I ran Dungeon World last night with my 12 y/o and his cousins.

I ran Dungeon World last night with my 12 y/o and his cousins.

I ran Dungeon World last night with my 12 y/o and his cousins. It went well and we all had a good time, but our conversation this morning left me a little bewildered.

Him: “So, what happened after we defeated the BBG last night?”

Me: “Well, I don’t know. That’s why we play, to find out.”

Him: “Oh.” Sounding disappointed. “I thought this was a game where we have a quest that we’re trying to complete and you know everything already.”

Soooo, does this mean that kids want the railroad? The certainty that a pre-planned adventure and mission bring? I know we all had a good time and they really got into “making stuff up as we went” – to the point that I had to reign it in at times – but maybe they thought I already knew all the answers?

10 thoughts on “I ran Dungeon World last night with my 12 y/o and his cousins.”

  1. Interesting! Am I right in thinking you’ve played 1 session so far? If so, how are you doing with your fronts and dangers? 

    Fronts aren’t about knowing everything already or giving the players a quest, but they do help you think about what will happen if the players do nothing to stop them.

    For example, let’s say in your first game the PCs killed a Mushroom dragon whelp. Maybe the mushroom dragon’s mama is now angry. Her front might look something like this:

    FRONT: “Angry mama!”

    DOOM: (If the players do nothing) the land and all it’s people are turned into mushrooms or eaten!

    PORTENTS: (What happens on the way to the doom:)

    – cattle are going missing

    – a village is found covered in mushrooms

    – an army is lost fighting the mushroom dragon

    – all the crops are turned into mushrooms!

    (That’s an oversimplification, but hopefully you get the idea.)

    Notice how any one of the portents could be considered a ‘quest’, but it’s up to the players to investigate it, not you. If the players choose to ignore the portents and go hunt goblins or whatever, no problem! But that village probably won’t be there when they get back…

  2. I think your son is just used to computer games, which are played over and over again with the same story – a bit like Groundhog Day. He’ll get used to dw…

  3. It’s not just computer games, it’s stories in general. Traditional storytelling, going back to oral tradition, has a teller and listeners, and most people grow up experiencing stories that way. Linear narrative is the basis of all narrative, and it’s what most of us grow up with.

    It’s totally natural for people to expect the arc of the tale to be all figured out by the teller, because that’s how stories traditionally operate. Even if the teller is making stuff up as she goes along, it’s received as “truth” by the listeners.

    Playing to find out is something you learn how to do. There’s bound to be a sense of “something missing” when all you know is the tidy 3-act structure of all mainstream media. And then you get past it, and then you never look back.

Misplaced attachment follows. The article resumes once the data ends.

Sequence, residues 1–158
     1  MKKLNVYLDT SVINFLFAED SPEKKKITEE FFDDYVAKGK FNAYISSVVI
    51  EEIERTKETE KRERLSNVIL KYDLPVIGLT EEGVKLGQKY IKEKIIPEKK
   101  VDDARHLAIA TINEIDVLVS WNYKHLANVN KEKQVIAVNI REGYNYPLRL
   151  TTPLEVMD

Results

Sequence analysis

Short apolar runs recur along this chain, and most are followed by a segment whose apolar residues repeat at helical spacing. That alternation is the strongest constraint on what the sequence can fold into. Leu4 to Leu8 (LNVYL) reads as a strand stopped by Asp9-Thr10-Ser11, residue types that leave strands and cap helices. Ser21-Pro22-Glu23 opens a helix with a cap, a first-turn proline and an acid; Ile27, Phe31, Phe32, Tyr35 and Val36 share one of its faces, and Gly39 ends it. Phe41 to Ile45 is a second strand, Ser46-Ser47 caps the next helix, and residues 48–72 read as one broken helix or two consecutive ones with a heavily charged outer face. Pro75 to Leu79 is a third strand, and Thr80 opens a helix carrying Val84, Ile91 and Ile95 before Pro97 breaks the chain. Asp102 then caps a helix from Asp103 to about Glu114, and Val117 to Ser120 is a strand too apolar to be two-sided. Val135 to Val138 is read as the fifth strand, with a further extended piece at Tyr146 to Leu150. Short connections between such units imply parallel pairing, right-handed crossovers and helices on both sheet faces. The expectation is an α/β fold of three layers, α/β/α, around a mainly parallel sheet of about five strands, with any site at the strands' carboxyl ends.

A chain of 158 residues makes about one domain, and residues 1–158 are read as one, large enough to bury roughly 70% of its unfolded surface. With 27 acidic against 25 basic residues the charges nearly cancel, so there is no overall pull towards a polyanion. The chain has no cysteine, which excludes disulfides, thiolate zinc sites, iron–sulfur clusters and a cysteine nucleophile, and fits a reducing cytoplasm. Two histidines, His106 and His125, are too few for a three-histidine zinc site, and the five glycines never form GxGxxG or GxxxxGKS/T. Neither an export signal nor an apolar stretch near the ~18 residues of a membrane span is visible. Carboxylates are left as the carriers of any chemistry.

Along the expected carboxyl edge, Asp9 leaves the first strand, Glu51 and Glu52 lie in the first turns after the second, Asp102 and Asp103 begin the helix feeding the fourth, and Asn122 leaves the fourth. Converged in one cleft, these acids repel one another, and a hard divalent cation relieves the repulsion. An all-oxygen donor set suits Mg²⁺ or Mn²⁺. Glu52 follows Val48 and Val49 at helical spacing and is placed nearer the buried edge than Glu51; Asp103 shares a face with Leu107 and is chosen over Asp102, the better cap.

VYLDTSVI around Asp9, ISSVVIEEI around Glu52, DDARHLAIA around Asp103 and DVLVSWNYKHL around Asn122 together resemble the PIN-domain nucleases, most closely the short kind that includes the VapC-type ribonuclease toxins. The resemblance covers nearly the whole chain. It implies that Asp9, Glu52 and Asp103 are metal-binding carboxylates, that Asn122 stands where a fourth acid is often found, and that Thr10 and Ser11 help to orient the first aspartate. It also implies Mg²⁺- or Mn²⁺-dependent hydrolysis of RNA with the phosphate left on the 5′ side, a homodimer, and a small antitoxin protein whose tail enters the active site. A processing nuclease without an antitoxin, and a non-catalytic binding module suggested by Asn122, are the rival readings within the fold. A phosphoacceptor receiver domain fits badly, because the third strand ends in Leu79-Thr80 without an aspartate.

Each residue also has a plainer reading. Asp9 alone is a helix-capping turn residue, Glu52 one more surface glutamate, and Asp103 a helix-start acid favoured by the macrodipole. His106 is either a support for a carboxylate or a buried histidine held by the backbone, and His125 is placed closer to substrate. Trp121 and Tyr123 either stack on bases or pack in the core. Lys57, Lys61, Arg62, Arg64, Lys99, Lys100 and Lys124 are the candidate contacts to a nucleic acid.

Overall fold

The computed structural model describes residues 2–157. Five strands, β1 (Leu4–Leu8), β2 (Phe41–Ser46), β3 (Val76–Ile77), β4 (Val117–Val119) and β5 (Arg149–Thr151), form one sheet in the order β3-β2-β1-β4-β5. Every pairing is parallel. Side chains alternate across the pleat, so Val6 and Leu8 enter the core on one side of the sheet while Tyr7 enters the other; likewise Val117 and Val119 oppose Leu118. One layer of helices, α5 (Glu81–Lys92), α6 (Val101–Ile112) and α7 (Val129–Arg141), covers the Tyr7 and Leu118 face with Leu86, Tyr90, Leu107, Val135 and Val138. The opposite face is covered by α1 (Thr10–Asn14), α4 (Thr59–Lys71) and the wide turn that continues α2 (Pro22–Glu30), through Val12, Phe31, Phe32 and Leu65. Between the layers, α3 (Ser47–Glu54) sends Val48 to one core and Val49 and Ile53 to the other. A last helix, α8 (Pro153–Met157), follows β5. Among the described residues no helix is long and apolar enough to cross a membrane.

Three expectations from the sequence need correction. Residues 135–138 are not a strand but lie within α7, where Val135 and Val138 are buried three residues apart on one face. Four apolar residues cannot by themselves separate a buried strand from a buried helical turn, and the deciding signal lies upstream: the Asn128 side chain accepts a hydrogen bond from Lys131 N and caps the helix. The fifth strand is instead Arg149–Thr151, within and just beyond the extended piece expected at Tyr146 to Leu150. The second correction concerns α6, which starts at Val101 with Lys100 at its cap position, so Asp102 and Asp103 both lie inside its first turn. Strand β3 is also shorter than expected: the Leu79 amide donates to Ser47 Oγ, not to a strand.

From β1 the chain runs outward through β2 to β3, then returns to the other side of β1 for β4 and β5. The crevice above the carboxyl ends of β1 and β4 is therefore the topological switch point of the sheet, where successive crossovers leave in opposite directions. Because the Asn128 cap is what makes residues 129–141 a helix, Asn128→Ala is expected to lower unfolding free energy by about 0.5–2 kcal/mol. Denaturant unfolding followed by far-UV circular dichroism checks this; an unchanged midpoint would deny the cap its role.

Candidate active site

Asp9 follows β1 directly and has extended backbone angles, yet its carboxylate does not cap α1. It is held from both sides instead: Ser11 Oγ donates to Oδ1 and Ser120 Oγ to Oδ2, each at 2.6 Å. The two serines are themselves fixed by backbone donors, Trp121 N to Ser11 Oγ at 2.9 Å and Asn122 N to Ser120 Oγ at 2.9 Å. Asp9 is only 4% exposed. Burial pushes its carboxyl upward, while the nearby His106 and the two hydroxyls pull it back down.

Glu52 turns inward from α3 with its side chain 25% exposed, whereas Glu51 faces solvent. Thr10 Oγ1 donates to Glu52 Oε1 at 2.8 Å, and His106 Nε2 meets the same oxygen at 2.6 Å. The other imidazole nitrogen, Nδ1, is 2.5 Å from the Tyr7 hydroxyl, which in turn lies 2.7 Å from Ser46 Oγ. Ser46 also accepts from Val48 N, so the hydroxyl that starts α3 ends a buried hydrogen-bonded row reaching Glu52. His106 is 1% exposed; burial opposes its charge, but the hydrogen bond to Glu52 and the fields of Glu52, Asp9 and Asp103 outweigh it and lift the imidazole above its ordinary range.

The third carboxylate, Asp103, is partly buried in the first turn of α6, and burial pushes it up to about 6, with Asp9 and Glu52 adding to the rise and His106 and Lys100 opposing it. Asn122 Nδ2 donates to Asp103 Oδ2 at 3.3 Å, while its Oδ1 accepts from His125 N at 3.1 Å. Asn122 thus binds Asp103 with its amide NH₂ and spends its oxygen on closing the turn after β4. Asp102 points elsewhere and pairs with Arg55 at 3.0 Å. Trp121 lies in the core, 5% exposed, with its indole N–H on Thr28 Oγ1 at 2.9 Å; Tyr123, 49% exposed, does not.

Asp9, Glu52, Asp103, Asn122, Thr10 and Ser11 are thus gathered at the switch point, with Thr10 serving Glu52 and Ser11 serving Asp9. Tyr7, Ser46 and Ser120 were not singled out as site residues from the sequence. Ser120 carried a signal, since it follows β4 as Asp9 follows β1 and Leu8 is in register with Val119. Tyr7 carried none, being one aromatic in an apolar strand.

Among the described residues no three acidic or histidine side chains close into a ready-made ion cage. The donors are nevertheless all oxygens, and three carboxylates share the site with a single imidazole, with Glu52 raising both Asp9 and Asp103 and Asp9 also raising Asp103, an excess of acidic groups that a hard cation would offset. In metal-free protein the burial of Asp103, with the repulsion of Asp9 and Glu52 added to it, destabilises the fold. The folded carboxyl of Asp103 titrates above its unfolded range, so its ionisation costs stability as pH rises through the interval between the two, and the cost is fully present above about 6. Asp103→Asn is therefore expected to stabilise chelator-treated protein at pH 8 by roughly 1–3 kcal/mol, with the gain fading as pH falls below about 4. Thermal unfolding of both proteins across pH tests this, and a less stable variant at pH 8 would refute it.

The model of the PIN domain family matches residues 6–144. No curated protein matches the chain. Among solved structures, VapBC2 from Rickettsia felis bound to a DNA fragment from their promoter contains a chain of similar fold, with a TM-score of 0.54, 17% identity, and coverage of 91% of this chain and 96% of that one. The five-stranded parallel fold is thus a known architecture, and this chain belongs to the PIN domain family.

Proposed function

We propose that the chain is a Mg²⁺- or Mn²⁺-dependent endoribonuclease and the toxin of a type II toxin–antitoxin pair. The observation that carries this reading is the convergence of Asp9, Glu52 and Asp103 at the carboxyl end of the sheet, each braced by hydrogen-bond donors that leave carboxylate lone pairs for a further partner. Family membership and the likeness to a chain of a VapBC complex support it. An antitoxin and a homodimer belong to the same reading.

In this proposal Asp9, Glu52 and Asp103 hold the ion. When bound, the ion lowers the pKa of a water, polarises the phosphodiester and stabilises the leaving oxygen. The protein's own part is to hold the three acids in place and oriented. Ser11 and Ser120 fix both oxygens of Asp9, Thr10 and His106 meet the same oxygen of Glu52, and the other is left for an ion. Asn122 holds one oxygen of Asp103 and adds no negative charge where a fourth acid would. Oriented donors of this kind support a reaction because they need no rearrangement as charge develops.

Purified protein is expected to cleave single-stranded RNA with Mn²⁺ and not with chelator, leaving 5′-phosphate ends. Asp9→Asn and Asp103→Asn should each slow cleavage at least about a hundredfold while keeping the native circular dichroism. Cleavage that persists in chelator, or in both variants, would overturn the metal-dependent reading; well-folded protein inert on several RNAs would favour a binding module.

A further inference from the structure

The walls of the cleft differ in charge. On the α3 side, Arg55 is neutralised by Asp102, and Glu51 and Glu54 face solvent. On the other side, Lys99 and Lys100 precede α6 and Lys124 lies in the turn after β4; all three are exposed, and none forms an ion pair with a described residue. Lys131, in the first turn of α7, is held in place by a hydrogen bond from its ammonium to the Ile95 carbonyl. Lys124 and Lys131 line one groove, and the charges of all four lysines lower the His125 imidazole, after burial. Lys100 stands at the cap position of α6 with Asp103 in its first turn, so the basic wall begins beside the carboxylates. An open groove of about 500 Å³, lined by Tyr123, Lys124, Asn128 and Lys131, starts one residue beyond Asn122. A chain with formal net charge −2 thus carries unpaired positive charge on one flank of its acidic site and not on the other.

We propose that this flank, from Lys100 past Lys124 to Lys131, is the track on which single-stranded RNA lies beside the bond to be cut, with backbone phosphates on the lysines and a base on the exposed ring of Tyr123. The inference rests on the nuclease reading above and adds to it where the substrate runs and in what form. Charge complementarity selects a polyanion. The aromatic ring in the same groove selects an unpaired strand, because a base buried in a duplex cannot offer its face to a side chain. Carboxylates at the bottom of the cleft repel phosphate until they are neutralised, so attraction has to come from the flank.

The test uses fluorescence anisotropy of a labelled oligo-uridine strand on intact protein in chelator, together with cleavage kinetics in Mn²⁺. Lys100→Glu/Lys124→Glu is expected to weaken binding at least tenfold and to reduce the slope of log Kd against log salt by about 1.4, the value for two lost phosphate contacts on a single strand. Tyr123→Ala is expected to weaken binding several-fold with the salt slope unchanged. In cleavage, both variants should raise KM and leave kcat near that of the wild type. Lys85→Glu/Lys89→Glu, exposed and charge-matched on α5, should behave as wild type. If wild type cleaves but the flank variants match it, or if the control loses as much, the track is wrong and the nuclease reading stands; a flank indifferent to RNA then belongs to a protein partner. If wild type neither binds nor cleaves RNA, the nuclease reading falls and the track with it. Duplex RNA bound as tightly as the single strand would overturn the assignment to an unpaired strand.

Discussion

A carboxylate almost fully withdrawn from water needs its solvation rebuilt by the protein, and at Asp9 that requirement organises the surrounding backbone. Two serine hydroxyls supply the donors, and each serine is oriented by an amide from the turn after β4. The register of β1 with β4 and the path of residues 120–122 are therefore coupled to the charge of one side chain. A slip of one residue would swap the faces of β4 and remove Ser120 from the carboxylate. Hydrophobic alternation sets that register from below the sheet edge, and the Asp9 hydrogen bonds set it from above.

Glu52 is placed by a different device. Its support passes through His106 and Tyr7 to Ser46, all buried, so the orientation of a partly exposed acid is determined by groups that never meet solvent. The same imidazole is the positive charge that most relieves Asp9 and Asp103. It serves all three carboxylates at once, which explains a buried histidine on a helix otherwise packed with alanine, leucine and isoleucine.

4. I think Wynand Louw pretty much said it.  It’s an expectation thing.  He’s probably not familiar with the idea of playing to find out what happens.  That can change.

  5. Joe Banner – We only had time for two sessions over the weekend at a family reunion, so I didn’t formally create any fronts. But I did spin some of the things from char gen into issues for them to deal with. The big two were a skeleton horde swarming the desert temple they were holed up in, forcing them to flee to the catacombs beneath. The other one was tying their ideas about three magical daggers, the Haunted Dagger, Golden Dagger, and Peace Dagger into a looming threat. Beneath the temple a priest of un-death was performing a ritual using the daggers to summon a giant sand worm. They managed to stop him, with the halfling thief rolling a 7-9 on his throwing knife and being faced with the hard choice of letting one of two spells go off before the priest died: a) the death spell that was targeting him or b) the dagger ritual. He chose to let the death spell go off and face Death in last breath in order to save the day, so it was quite heroic. I was very pleased with how everything came together and 90% of it was directly from things that the boys put forth as ideas, with little bits of twists and structure put on top by me.

  6. All – great discussion. The interesting thing is that we did tie up the immediate action with a pretty standard 3-ish part arc (get to the temple, flee from the skeleton horde and into the caverns, discover the evil priest and defeat him and his skeleton warriors while stopping his ritual).

    In retrospect, I think his question/disappointment was actually a reflection of his excitement for the game. He’s totally new to TTRPG and loved this first experience so much that he wants me to run games for him and his friends when we get home. I think he just wanted to hear more about the adventures of his halfling thief Shank and his companions, the icy druid Beaster and the creepy elf wizard Galadir. I probably could have just made up some stories of their next adventures, but for better or worse stuck to my sense that while yes, I have some fictional lego blocks that may be used in building those adventures, none of us know exactly how they’ll be put together or what other blocks we’ll discover in the bin and decide to throw into the story.

    In any case, I’m excited that the TTRPG bug finally bit him (he’s a big time computer gamer, mostly TF2 and similar shooters) and will do my best to grow and nurture that excitement since TTRPG is not only a great hobby, but also provides personal growth opportunities that aren’t readily available in many other hobbies.

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